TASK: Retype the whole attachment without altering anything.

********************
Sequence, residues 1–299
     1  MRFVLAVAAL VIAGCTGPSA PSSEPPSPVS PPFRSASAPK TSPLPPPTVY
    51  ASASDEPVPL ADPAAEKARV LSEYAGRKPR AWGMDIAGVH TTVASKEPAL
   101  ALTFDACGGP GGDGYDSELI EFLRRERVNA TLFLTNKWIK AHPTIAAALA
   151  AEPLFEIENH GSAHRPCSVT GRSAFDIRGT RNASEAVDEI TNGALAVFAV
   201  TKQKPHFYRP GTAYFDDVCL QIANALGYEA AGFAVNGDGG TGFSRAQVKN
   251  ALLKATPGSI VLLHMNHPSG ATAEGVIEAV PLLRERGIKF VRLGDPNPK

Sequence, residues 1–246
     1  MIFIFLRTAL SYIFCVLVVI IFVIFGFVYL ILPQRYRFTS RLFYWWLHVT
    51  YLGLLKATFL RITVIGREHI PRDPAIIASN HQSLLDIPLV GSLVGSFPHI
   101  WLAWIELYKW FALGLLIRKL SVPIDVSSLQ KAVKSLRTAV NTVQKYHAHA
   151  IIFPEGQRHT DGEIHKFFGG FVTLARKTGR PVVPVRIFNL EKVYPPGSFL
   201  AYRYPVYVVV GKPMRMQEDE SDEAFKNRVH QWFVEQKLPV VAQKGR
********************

Sequence, residues 1–299
     1  MRFVLAVAAL VIAGCTGPSA PSSEPPSPVS PPFRSASAPK TSPLPPPTVY
    51  ASASDEPVPL ADPAAEKARV LSEYAGRKPR AWGMDIAGVH TTVASKEPAL
   101  ALTFDACGGP GGDGYDSELI EFLRRERVNA TLFLTNKWIK AHPTIAAALA
   151  AEPLFEIENH GSAHRPCSVT GRSAFDIRGT RNASEAVDEI TNGALAVFAV
   201  TKQKPHFYRP GTAYFDDVCL QIANALGYEA AGFAVNGDGG TGFSRAQVKN
   251  ALLKATPGSI VLLHMNHPSG ATAEGVIEAV PLLRERGIKF VRLGDPNPK

Sequence, residues 1–246
     1  MIFIFLRTAL SYIFCVLVVI IFVIFGFVYL ILPQRYRFTS RLFYWWLHVT
    51  YLGLLKATFL RITVIGREHI PRDPAIIASN HQSLLDIPLV GSLVGSFPHI
   101  WLAWIELYKW FALGLLIRKL SVPIDVSSLQ KAVKSLRTAV NTVQKYHAHA
   151  IIFPEGQRHT DGEIHKFFGG FVTLARKTGR PVVPVRIFNL EKVYPPGSFL
   201  AYRYPVYVVV GKPMRMQEDE SDEAFKNRVH QWFVEQKLPV VAQKGR